‘No. Now, you need to imagine me as a young boy exploring our house. It wasn’t big of course, but it seemed so through the eyes of a child. One day, when she was out at the market, I went down to our cellar. It was full of all kinds of junk, old chests and suitcases. I rummaged through everything. There were photos, of course – so many of them – of nonno and nonna. I found grandfather’s service revolver from the First World War.’ He chuckles. His eyes twinkle and, for a moment, the Old Wolf looks like everyone’s favourite grandfather. ‘I took that and hid it under a loose board in my bedroom. I kept it for years.’
His expression becomes serious and he shakes his head. ‘But there was nothing belonging to my father. And when I say nothing, I mean there was nothing at all.’
‘Why do you think that was?’
He shrugs. ‘Tell me about your father, Brezzi. What did he do in the war?’
I am unable to stop my chest puffing out, just a little. ‘He was a partisan. With the 8th Garibaldi Brigade.’
He sees my reaction and smiles. ‘You must have been very proud of him.’
‘I was. I am.’
I worry, suddenly, that I might have revealed too much. The Old Wolf closes his eyes. Then he sings, under his breath, the words of the old partisan anthem . . .”O partigiano portami via . . . o bella ciao, bella ciao, bella ciao ciao ciao.”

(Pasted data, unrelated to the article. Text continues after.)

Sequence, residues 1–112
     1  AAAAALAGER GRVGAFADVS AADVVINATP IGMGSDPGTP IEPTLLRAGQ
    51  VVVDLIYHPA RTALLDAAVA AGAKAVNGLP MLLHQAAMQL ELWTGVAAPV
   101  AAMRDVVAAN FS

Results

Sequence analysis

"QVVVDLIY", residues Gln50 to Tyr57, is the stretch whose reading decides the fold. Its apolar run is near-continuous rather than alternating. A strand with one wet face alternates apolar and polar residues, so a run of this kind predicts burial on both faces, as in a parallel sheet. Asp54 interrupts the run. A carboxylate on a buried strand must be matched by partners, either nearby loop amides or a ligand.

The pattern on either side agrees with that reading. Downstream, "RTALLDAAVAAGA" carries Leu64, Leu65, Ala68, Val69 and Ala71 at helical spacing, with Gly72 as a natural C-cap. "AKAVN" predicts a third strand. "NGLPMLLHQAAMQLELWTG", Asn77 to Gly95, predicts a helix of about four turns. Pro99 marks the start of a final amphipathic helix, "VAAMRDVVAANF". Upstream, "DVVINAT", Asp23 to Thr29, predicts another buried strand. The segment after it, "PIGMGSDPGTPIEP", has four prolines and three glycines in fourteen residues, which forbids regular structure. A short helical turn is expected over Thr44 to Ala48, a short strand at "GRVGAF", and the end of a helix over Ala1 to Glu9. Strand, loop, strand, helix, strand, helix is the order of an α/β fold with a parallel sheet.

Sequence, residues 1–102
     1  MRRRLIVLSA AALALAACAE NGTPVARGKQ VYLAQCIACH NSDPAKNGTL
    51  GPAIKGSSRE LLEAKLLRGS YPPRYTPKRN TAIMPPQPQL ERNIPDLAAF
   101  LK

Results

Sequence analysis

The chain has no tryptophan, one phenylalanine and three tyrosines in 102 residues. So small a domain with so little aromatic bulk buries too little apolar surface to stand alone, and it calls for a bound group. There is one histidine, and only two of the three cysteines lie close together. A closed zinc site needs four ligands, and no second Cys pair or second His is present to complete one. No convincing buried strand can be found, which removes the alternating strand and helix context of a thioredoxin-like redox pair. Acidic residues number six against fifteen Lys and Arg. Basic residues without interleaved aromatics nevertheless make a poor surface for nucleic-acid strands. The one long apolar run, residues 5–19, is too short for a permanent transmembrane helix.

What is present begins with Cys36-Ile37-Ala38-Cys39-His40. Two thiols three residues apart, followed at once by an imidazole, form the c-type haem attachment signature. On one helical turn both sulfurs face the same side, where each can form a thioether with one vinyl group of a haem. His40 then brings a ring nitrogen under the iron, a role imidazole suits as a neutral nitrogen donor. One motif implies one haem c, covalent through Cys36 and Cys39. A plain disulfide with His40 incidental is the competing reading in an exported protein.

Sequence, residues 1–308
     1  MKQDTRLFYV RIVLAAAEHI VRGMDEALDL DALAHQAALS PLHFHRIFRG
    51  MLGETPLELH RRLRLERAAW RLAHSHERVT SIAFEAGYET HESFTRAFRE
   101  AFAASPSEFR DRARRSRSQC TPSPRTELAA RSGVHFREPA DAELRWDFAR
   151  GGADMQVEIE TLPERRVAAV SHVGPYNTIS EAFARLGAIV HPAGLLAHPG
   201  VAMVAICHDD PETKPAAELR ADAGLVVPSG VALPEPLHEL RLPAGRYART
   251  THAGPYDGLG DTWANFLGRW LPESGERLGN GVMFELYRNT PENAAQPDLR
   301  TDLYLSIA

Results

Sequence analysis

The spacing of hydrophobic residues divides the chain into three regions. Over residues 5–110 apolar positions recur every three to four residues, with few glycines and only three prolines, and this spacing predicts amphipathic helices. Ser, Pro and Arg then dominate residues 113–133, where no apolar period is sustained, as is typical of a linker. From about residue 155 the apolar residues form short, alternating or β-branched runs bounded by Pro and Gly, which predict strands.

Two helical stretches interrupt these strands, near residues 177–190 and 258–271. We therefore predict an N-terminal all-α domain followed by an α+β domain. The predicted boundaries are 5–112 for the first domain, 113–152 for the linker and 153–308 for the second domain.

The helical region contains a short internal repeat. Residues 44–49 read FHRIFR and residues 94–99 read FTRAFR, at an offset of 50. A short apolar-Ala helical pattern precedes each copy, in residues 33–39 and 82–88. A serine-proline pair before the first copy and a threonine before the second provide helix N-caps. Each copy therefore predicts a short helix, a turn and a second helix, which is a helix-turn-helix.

‘We’re a sentimental people, Brezzi. We all like to imagine that our fathers, our grandfathers were partisans. And that somewhere in our basement is a chest full of good memories. But, of course, they can’t all have been partisans. And those memories might not necessarily be good ones…’
To discover the other books in the Nathan Sutherland series, follow the link here to Phil’s Amazon page
While you’re here, don’t forget the amazing new Gŵyl CRIME CYMRU Festival, Wales’ first ever international crime fiction festival, which will be making its home in Aberystwyth over the early May bank holiday weekend. We’ll be online in 2021, and then in person in 2022 – from 30th April to 2nd May 2022. If you have a 5 year diary then add in we’re online in 2023, in person in 2024. There’s a pattern, we’ve profiled it. For updates, follow us on Twitter at @GwylCrimeFest